Durkan is known for her national role in fighting cybercrime, and for increasing the federal capabilities to meet cyber-based national security threats. She helped craft the Department of Justice’s cyber strategy, and has worked with international partners to increase cyber security. At the same time, Durkan served on the Terrorism and National Security subcommittee. Durkan faced the reality of such a terrorist threat when authorities discovered a plot to bomb a military recruiting office in Seattle. The building also housed a daycare. The plot was disrupted and the men convicted.

During her tenure, Durkan moved the U.S. Attorney’s office to more proactive enforcement efforts, leading “hot spot” initiatives in areas of persistent crime and by targeting armed criminals and gun crimes. Under Durkan, these initiatives and other prosecutions were often coupled with forfeiture actions to recover money for taxpayers and strip criminals of their assets. In January of this year, the office announced that its work with DOJ and other U.S. Attorneys’ offices led to the recovery of over $800 million, while the office’s independent work recovered an additional $22 million.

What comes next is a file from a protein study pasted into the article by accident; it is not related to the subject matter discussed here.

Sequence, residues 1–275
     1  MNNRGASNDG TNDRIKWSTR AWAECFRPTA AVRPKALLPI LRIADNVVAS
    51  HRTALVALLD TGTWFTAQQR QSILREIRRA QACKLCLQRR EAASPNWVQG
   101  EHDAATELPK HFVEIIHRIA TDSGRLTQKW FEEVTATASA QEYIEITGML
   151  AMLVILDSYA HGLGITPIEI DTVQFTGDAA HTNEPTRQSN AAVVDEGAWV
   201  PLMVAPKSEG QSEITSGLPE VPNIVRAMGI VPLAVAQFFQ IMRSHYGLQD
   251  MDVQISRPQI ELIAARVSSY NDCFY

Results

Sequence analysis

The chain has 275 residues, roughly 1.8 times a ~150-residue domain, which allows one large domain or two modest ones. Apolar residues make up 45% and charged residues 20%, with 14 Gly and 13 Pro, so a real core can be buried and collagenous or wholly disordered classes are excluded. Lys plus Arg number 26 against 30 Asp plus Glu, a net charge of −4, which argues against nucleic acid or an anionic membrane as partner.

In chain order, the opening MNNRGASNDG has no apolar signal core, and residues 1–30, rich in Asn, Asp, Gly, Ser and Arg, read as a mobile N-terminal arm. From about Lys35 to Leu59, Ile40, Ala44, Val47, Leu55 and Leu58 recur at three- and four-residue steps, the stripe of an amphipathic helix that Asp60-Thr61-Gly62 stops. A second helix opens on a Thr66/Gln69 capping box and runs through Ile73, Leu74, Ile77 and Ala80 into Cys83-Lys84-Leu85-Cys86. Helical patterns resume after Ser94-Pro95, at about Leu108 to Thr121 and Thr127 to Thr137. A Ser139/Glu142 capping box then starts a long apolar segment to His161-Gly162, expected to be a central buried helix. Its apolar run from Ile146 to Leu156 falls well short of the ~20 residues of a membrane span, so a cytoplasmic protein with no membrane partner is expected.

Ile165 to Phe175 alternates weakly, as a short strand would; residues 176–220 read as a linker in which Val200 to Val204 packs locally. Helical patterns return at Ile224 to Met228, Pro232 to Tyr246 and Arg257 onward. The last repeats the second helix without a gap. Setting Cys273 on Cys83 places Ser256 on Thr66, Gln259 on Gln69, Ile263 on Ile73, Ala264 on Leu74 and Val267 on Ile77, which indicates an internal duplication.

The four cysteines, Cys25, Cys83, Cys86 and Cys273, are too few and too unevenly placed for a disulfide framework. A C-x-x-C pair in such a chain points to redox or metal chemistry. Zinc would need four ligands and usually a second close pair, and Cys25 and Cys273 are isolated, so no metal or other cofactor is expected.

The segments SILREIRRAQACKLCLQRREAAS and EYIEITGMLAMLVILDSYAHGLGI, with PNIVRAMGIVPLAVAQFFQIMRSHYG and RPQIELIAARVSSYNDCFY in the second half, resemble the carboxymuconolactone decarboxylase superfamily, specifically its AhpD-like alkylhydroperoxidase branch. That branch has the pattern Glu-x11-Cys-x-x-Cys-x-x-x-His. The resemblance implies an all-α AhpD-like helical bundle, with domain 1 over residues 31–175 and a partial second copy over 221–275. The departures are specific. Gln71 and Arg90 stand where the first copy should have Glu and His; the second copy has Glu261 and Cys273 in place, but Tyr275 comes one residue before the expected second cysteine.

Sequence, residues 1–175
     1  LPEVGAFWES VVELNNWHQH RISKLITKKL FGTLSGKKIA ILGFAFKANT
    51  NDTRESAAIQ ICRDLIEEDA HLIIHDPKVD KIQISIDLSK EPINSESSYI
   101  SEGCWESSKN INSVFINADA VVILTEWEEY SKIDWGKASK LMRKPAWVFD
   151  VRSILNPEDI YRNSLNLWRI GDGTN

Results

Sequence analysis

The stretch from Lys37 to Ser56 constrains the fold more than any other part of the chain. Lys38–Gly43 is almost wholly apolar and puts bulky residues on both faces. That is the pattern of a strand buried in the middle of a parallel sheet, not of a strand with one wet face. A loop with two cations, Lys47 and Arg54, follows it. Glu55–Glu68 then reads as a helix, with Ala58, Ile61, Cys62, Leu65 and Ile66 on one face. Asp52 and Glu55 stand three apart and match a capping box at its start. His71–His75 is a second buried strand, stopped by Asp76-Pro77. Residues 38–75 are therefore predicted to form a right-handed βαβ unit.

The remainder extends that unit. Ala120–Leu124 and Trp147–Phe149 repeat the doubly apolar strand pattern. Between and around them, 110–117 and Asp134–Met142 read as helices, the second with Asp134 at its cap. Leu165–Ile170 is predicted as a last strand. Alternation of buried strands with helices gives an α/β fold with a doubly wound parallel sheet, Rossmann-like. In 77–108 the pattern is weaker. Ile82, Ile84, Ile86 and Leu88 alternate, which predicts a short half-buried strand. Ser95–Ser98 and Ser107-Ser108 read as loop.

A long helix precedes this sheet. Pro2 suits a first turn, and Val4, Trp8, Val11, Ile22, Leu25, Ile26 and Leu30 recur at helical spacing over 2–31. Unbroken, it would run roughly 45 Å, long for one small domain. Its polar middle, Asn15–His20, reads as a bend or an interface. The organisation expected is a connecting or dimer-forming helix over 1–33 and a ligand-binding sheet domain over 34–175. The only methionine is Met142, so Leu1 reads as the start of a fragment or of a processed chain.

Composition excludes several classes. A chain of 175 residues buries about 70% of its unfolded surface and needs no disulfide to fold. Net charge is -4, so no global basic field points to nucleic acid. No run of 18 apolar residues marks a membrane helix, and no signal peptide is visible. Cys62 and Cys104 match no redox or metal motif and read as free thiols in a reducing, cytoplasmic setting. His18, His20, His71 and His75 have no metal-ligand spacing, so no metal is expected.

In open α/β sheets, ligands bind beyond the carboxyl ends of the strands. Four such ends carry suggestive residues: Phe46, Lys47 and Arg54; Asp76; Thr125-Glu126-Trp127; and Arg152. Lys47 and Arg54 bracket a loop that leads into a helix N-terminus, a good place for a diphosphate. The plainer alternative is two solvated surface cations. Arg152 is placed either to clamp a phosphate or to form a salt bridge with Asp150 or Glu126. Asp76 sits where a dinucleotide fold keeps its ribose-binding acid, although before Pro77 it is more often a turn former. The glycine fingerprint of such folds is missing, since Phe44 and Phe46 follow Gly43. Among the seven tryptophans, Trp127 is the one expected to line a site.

Durkan’s office has received national recognition for its work against cartel-related drug trafficking organizations — cases notable for their use of wiretaps and sophisticated financial analyses. Assuming her position in the wake of the financial meltdown, Durkan took a hard line on “white collar” financial fraud, resulting in a number of convictions and significant prison terms for defendants. Durkan also formed a civil rights section in the U.S. Attorney’s office that has increased enforcement of civil rights laws, including the employment rights of returning military personnel.

Her office also joined with the United States Department of Justice (DOJ) Civil Rights Division to investigate the Seattle Police Department’s use of force and concerns of biased policing. This led to broad reforms in the SPD and ongoing monitoring of a consent decree by the federal court. The team from the U.S. Attorney’s office that worked on the case will receive an award for their work from the DOJ next week in Washington, D.C.